The theme of the Rangers’ offseason was quantity over quality. Striking out on Ohtani despite being one of seven finalists for him and opting against pursuing high-end starters like Jake Arrieta or ex-Ranger Yu Darvish, Texas instead shopped in the bargain bin, ending up with several flawed yet intriguing arms. The most notable name is Lincecum, who looked to have washed out of the league after a dreadful 2016 but has returned after a winter spent training at Driveline that has him throwing harder and looking less like Mitch Kramer in Dazed and Confused. But he’s far from a sure bet; the same goes for Fister, Minor (who was excellent in relief with Kansas City but hasn’t started a major league game since 2014), Moore (awful with San Francisco), and Colon (finally showing his age at 44 in a terrible year split between Atlanta and Minnesota). If a couple of those guys hit, Texas will get top production for little cost. If they bust, the Rangers will look back on this winter and the cheaper-than-expected contracts that Arrieta and Darvish signed and wonder if they should have done more to give a weak rotation a sure thing. From here, it feels like they should have.
2017 Record: 78–84, tied for third place in AL West
Key Additions: OF Dee Gordon, 1B Ryon Healy, RHP Hisashi Iwakuma*, RHP Juan Nicasio, OF Ichiro Suzuki
Key Departures: 1B Yonder Alonso, OF Jarrod Dyson, RHP Yovani Gallardo, 1B Danny Valencia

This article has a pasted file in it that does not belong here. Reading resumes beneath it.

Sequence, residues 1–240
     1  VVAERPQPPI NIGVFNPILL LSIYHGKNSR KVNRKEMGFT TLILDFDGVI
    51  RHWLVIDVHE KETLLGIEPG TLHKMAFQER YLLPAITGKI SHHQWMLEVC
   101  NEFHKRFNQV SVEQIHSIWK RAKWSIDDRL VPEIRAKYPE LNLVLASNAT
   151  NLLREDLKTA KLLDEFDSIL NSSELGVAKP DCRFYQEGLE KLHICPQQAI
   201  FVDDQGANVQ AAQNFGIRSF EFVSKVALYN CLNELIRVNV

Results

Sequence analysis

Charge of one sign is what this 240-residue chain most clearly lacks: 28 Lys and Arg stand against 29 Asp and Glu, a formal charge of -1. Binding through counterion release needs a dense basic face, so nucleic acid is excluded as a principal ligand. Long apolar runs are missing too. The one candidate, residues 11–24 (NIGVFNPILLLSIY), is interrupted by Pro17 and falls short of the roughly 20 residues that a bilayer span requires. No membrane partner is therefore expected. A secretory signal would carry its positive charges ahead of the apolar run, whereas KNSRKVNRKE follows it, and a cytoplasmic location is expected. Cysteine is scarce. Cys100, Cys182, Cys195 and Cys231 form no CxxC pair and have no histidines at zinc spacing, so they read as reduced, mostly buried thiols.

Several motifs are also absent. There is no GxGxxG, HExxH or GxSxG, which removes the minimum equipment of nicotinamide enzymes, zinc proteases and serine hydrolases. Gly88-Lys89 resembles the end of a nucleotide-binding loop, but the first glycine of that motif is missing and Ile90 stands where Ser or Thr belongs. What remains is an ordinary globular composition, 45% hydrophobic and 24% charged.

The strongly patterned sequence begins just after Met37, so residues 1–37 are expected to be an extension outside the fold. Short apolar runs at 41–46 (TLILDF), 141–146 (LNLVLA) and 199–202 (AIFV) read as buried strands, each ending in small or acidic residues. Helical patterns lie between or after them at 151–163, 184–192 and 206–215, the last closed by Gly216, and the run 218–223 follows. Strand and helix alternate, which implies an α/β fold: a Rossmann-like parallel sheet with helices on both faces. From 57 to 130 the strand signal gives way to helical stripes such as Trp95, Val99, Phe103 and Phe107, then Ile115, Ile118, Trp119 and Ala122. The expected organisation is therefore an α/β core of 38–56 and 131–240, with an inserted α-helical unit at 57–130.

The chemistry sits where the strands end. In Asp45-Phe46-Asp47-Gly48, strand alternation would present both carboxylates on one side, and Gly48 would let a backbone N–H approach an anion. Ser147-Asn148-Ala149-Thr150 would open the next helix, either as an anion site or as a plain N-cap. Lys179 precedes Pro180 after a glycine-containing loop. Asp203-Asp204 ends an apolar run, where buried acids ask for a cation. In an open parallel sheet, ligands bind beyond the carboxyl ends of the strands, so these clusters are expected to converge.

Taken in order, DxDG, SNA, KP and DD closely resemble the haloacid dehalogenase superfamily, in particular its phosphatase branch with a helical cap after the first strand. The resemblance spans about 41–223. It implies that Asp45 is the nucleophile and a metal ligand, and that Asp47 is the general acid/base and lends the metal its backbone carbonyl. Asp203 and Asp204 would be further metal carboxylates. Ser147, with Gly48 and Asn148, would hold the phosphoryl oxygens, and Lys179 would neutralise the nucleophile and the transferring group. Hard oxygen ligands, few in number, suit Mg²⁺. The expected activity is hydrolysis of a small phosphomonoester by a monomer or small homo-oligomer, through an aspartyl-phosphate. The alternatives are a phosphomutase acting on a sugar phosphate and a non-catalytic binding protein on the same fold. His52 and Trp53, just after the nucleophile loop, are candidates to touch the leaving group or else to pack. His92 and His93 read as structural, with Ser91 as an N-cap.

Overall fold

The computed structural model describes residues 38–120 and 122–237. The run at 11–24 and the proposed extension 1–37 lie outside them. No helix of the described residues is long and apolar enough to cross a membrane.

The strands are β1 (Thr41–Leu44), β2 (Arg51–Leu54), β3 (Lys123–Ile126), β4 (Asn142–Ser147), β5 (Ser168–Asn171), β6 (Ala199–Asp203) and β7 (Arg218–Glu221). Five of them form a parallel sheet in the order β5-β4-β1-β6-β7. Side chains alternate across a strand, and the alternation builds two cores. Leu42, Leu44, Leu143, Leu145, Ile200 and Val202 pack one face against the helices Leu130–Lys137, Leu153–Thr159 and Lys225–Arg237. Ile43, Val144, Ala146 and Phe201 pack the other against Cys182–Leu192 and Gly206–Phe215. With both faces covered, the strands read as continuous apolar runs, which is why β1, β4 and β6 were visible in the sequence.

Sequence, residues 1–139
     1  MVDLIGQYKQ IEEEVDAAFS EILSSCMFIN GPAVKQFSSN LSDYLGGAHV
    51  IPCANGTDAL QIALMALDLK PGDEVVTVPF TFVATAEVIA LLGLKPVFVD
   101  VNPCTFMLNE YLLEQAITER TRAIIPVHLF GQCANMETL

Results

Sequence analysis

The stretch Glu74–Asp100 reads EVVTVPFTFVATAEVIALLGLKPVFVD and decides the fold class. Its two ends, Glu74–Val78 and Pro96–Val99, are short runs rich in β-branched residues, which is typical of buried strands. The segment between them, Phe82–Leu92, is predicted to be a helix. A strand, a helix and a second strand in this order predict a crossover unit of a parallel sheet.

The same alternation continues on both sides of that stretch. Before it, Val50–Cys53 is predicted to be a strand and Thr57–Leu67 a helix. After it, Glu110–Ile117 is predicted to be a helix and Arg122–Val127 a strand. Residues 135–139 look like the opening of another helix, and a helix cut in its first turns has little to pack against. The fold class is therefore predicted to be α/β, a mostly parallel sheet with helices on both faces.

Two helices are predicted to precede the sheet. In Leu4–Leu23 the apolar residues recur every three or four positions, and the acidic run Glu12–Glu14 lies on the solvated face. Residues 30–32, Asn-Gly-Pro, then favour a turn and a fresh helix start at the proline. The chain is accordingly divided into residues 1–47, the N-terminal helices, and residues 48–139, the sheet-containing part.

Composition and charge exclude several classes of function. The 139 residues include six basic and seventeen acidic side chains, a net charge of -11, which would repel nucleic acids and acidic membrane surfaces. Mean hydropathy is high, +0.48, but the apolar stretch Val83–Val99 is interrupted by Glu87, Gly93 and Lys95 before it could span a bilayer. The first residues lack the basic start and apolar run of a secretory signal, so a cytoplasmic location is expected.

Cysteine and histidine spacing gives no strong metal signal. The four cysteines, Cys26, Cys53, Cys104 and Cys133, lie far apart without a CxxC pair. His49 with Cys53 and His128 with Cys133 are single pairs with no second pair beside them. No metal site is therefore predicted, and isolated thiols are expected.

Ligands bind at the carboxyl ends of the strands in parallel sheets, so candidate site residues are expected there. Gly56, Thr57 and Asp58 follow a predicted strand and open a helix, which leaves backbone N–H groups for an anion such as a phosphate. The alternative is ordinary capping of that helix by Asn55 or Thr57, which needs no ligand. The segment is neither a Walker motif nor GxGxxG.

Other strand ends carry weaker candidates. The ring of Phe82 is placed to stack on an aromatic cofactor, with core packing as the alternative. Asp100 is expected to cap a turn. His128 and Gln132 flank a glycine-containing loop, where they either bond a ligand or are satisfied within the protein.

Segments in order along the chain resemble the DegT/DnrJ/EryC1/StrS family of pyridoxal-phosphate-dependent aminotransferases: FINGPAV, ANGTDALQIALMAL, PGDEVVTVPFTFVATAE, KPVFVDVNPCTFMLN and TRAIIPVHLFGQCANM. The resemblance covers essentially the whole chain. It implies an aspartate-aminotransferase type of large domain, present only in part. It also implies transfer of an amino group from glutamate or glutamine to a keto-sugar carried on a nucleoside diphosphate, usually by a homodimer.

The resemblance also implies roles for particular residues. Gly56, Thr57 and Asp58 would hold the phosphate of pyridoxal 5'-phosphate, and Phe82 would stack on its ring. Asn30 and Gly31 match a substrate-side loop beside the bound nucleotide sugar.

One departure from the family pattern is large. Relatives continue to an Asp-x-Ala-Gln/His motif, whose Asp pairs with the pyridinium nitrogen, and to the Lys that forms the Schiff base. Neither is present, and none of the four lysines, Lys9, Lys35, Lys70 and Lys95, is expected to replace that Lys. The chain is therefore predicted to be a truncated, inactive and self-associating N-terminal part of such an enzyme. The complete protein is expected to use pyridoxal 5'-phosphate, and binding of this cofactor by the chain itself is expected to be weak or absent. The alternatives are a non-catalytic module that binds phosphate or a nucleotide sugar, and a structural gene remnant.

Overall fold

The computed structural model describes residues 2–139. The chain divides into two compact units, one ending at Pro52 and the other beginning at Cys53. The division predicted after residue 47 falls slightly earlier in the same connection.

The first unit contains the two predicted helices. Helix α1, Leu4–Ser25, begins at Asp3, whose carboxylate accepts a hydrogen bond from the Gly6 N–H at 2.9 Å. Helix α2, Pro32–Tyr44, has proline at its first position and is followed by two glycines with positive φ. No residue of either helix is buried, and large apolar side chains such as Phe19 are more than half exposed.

Did someone kidnap Jerry Dipoto this offseason? MLB’s most manic executive was oddly quiet over the winter, completing only a handful of trades and staying almost entirely out of free agency. The moves he did make were fine: Gordon, if he can make the transition from second base to centerfield, should give the team a dynamic option both there and in the lineup, and the return of Suzuki will, if nothing else, sell some extra tickets. But the patchwork rotation that sunk Seattle’s hopes last season wasn’t addressed at all, save re-signing the venerable yet declining Iwakuma. You almost get the sense that Dipoto had put all his chips on landing Ohtani, who had the Mariners as one of his finalists but ultimately went to the division rival Angels. Once that fell through, it seems like the famously transaction-happy GM couldn’t figure out a backup plan. As a result, it’s hard to see the M’s as anything other than an also-ran this year unless they get far better health and performance than expected from their starting five. For once, it’s fair to say that Dipoto didn’t make enough moves.
2017 Record: 75–87, fifth place in AL West
Key Additions: LHP Ryan Buchter, C Jonathan Lucroy, OF Stephen Piscotty, RHP Yusmeiro Petit
Key Departures: RHP Jesse Hahn, 1B Ryon Healy
It’s hard to know what, if ever, the plan or future is in Oakland, where Billy Beane’s team seems to function more as a baseball thrift shop than as a major league franchise. But some late-season breakouts and surprises last year—namely Matts Chapman and Olson—have the A’s looking friskier than usual, and this offseason’s additions may have turned them into, if everything breaks right, a team with wild-card chances. Trading for Piscotty was the best move, with Oakland buying low on him after he fell out of favor in St. Louis. The former first-rounder slumped badly last year but was stellar the two seasons previous and is still only 27 years old. Likewise, Lucroy is amid a baffling career downturn, but at his price (just $6.5 million for one year), the A’s can afford to see if he can turn it around. A lot will need to go right for Oakland to be a real contender, and the odds are against it. But this winter’s moves, while low-key, served to add talent at minimal cost, which is better than what the offseason usually entails in the Bay Area.